The road to Queenstown
Driving into the Gibbston Valley for the first time, home to Queenstown
True to form I left Christchurch late. I had a mountain to climb and now wasn’t due into Aoraki/Mount Cook National Park until mid afternoon, so I was going to have to run to the 1,933 m summit of Mt Ollivier to make it down before dark.
There shouldn’t have been any need for the mad rush; there never is. I was up at 6.30am to collect spares from the bike park before packing the car, but somehow this took forever so here I was, pushing 130km/h on winding roads pulling questionable overtakes.
Since fuel was my biggest expenditure (after food) I drove as efficiently as possible and usually below the speed limit. Not today.
On top of the stress from leaving late I was nervous; I hadn’t done an unmarked scramble to a mountain summit before, let alone along a steep and exposed ridge.
Unknown to me at the time, this was just the first of many mountain scrambles over the following months, and by far the safest. The Mueller Hut route delivers a true mountain experience for relatively minimal effort. From the foot of the Mueller Range are breathtaking views of glaciers, dramatic peaks, glacial lakes in the U-shaped valley below, and the Caroline Face of Mt Cook.
‘As I was riding blood dripped onto my grip, my whole arm was numb and I felt faint from the blood loss.’
photos from the peak of Mt Ollivier, along the ridge line and Mueller hut
Out of breath and drenched in sweat I reached Mueller Hut (1800 m) an hour and a half after leaving the car, which was now 1100 metres below. Since I made up so much time there was no need to rush to the summit. I’d read to follow the ridge so I did just that, despite sections of huge exposure on one side and some low grade climbing (and down climbing). I was enjoying the thrill so I stayed on the knife edge ridge rather than dropping below where it was safer.
When I reached the summit I was disappointed I wasn’t alone, but since it was the first perfect day on the mountain in weeks (it had been gusting over 120km/h only the day before), I wasn’t surprised. There was barely a breeze and the summit of Mt Cook, which is usually blanketed in cloud, was clear. Amongst those around the trig point was a German family with a 10 year old boy, which robbed much of my sense of accomplishment.
With the exception of one winter experience in the mountains of County Kerry, Ireland, until now I hadn’t given mountaineering much thought. Looking out to the mountain peaks around me I wished I had the skills, knowledge and equipment to venture further into them.
But I didn’t, so I snapped out of my daydream and left the trig point, taking a much less hazardous route back to the hut before the main descent.
On the way to the campsite I picked up a hitchhiker, a Danish girl of a similar age. She’d been in NZ for nearly a year and was going home in a few weeks, but only briefly. She already had plans to go to Iceland and then Canada, admitting she wanted to continue travelling to avoid the clutch of adulthood and working a 9-5 for as long as possible.
'As much as NZ was an opportunity to live how I wanted away from the shackles of a job title and have fun for a while, it also provided a welcome distraction and escape from my old life.'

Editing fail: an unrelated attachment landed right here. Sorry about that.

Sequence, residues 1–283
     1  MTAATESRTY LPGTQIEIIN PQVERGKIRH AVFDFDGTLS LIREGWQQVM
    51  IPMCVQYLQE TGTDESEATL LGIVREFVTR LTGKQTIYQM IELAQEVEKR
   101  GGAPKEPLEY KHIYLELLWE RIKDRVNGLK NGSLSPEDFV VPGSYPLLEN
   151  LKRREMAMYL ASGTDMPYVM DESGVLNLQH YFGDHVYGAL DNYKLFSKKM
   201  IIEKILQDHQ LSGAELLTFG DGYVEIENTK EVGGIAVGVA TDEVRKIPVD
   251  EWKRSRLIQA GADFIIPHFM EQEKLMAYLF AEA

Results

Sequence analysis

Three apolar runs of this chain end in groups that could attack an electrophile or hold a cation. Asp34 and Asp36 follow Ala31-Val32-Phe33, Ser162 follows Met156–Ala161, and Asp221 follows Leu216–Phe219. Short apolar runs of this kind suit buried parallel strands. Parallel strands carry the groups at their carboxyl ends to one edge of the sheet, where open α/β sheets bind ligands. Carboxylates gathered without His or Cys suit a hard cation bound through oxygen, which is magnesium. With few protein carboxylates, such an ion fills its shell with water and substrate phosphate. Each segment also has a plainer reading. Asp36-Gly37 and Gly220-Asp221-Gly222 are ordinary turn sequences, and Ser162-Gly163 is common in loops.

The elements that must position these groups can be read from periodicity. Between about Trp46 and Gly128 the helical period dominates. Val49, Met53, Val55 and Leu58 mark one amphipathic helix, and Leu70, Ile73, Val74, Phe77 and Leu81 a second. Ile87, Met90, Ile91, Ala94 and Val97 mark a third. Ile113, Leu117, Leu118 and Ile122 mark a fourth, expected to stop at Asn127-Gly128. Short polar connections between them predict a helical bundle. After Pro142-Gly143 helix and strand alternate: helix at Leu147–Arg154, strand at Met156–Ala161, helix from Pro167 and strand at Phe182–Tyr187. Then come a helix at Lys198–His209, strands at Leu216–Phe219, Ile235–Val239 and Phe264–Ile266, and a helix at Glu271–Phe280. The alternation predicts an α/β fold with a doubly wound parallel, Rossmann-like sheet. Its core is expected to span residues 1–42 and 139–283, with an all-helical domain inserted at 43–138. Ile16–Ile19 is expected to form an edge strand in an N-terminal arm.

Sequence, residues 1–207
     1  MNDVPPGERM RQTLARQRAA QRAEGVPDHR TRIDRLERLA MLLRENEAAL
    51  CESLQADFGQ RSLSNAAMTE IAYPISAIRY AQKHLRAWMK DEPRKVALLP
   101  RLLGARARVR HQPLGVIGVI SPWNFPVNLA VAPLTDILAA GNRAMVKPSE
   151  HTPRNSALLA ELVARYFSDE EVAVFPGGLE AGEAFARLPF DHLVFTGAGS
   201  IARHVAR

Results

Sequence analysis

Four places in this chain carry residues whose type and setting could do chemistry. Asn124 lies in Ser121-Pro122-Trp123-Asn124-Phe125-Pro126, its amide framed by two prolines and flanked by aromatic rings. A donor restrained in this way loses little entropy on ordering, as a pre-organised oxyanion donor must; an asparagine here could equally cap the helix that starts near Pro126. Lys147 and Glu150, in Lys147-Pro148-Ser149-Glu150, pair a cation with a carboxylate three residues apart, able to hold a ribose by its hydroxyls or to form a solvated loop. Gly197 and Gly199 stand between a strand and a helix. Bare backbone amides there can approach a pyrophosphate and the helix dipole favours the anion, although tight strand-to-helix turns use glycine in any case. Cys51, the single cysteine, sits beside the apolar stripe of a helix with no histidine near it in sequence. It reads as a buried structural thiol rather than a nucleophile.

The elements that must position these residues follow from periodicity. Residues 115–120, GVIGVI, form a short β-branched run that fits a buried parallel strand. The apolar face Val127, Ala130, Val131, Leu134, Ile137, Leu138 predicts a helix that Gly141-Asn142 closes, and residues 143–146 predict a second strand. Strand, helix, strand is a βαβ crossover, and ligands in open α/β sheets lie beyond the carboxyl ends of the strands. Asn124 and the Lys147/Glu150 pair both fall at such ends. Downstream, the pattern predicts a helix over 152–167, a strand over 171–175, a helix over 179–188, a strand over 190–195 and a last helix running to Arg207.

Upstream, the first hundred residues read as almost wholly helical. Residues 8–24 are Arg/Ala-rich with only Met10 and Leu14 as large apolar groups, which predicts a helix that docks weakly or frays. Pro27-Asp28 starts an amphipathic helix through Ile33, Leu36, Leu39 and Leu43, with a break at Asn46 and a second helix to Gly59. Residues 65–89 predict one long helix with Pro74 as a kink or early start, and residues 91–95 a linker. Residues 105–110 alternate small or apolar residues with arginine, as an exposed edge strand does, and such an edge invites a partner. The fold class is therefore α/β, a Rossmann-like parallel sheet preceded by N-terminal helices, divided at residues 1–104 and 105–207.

Dean's Bank Track, Cardrona bike park and the Albert Town Campground
Talking to her made me wonder how many people are travelling because they are avoiding or running away from something else, and I reflected on the previous couple of years that ultimately brought me here.
I hadn’t given much consideration to travelling when I was younger. I was content with my job, often in a solid relationship with future plans and totally focused on digging and riding BMX trails. My evenings, weekends and days off were spent in the woods and exploring new places. I was happy.
When life threw a curve ball I had one way of coping: BMX. It was always a big part of my life but during those times it became an obsession. If my personal life had never suffered I wouldn’t have built a line at the trails that pushed me to my limit, I wouldn’t have become sponsored, and I wouldn’t have gone on the most memorable riding trips of my life.
And in the autumn of 2016 BMX was going to get me through a difficult breakup. I cancelled an upcoming ACL operation and put the past 12 months of injuries behind me. That winter I had a renewed focus and was determined to come into the following trails season stronger than ever and film a section I would be proud of.
Then everything changed. On a mid-winter trails trip I miscalculated a 360 and destroyed my other knee. It was a total mess of broken bones, ruptured ligaments and torn soft tissue that needed full reconstructive surgery. I wasn’t to overcome this injury and with it I lost the main focus of my life.
All of a sudden my free time was no longer spent digging and riding jumps, going on road trips and visiting friends around the world. It felt like a flick of a switch I couldn't quite reach to flick back.
I became depressed. Every aspect of my life started falling apart and wanderlust set in. As much as NZ was an opportunity to live how I wanted away from the shackles of a job title and have fun for a while, it also provided a welcome distraction and escape from my old life, and time to reflect and move on.
blast from the past - riding my local trails (2015 - 2016)
I aimed to leave the Lake Poaka campsite early the next morning to drive to Wanaka, set up camp and ride Cardrone Bike Park without being in a rush, but I woke up feeling destroyed and barely able to walk. Riding wasn’t looking likely and I was too tired to care.
Wanaka wasn’t on my radar until a conversation with a guy on the chairlift in Christchurch, who’s face lit up talking about it. When I saw it was on the way to Queenstown and had riding spots and beautiful scenery I included it in my plans. The Albert Town campground, ten minutes from Wanaka on the banks of the Hawea river, was to be my home for the next five nights.